I was interested in this week's ZDNet piece, Cloud computing's real creative destruction may be the IT workforce. The piece discusses a presentation at last week's Gartner Symposium that posited cloud computing will be a net destructor of IT jobs.
I am not one to gainsay Gartner's wisdom. In fact, earlier this year I wrote about the topic of job losses and cloud computing in a post titled Cloud CIO: Yes, Your Job Is At Risk." The topic seems to be in the air: Another blog I came across this week was titled, I'll Probably Never Hire Another Pure SysAdmin"
As I say, I am not one to gainsay Gartner's wisdom, but I believe the research firm makes a common mistake regarding innovation (aka "creative destruction").
The argument is that cloud computing automates tasks that, in the past, have been performed by employees, and that after automation occurs, those people will no longer be needed. CIOs, who believe that their organizations are inefficient and are looking to cut costs, will substitute automation for headcount and start laying people off left and right.
One might be tempted to observe that this is a drum that has been beat many times in the past. Over 50 years ago, Katherine Hepburn and Spencer Tracy tussled over the same issue in the 1957 movie Desk Set. I believe one can compare total employment of so-called knowledge workers in 1957 and today and recognize that the number of these types of workers is far higher now.
The reason Gartner (and many others) are wrong about cloud computing's effect on employment is that they assume this disruption is unleashed in a static environment.
However, the field of computing has never been static, and will not be in the face of cloud computing. In fact, one may predict that cloud computing will vastly increase the amount of computation that is done and will significantly increase the number of workers in the field.
Why can this be so confidently predicted?
The posh explanation can be found in Jevon's Paradox. From Wikipedia: "Jevon's Paradox is the proposition that technological progress that increases the efficiency with which a resource is used tends to increase (rather than decrease) the rate of consumption of that resource."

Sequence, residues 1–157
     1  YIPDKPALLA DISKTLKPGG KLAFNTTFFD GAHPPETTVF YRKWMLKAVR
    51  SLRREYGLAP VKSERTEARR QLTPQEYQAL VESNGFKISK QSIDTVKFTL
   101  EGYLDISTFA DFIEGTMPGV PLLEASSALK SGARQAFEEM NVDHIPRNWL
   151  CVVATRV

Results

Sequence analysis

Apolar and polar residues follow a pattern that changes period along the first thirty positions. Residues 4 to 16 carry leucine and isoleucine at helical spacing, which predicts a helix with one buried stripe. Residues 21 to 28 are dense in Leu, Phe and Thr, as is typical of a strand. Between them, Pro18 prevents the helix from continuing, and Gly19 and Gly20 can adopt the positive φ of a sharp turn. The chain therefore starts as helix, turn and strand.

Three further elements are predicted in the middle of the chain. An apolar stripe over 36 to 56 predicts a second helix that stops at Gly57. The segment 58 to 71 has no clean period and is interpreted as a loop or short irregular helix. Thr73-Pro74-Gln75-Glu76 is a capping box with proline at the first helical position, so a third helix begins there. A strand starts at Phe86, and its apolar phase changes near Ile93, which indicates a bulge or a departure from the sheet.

More prosaically, this proposition is captured in the phrase "price elasticity of demand," which describes the responsiveness—or elasticity—of the quantity demanded of a good or service to a change in its price.
Boiled down, these two formulations amount to the same thing: As something gets cheaper, we consume more of it. Oftentimes, we begin to substitute this newly cheaper thing for another thing which formerly was less expensive but now, due to the cost change of the newly cheaper item, is more expensive.
Information technology provides many rich examples of this scenario. As the cost of computers has dropped, many manual processes have been replaced by their computerized equivalent. Word processors replaced typing pools. Payroll systems replaced time clerks.
However, I believe these two formulations fail to fully capture the effect cloud computing will have on IT consumption. Besides being less expensive, cloud computing, via its automation, makes it much easier to consume IT resources. When one can obtain virtual machines in minutes by filling out a web form rather than weeks by sending an email request to a human with other priorities, one will use more virtual machines. Taken together, the lower cost and easy access of cloud computing is going to lead to an explosion of IT resource consumption.
The net effect is that any loss of jobs caused by the move to cloud computing will be more than made up by the overall growth of computing that the cloud causes and the resulting growth of jobs associated with cloud environments and applications.
There's no question that lower-skilled IT employees who cannot develop the ability to work in a highly automated, large-scale environment are going to have severely restricted job prospects. But that makes sense, because IT is scaling up. The practices, processes and skills appropriate to smaller-scale, less dynamic IT environments cannot support the future nature of information technology.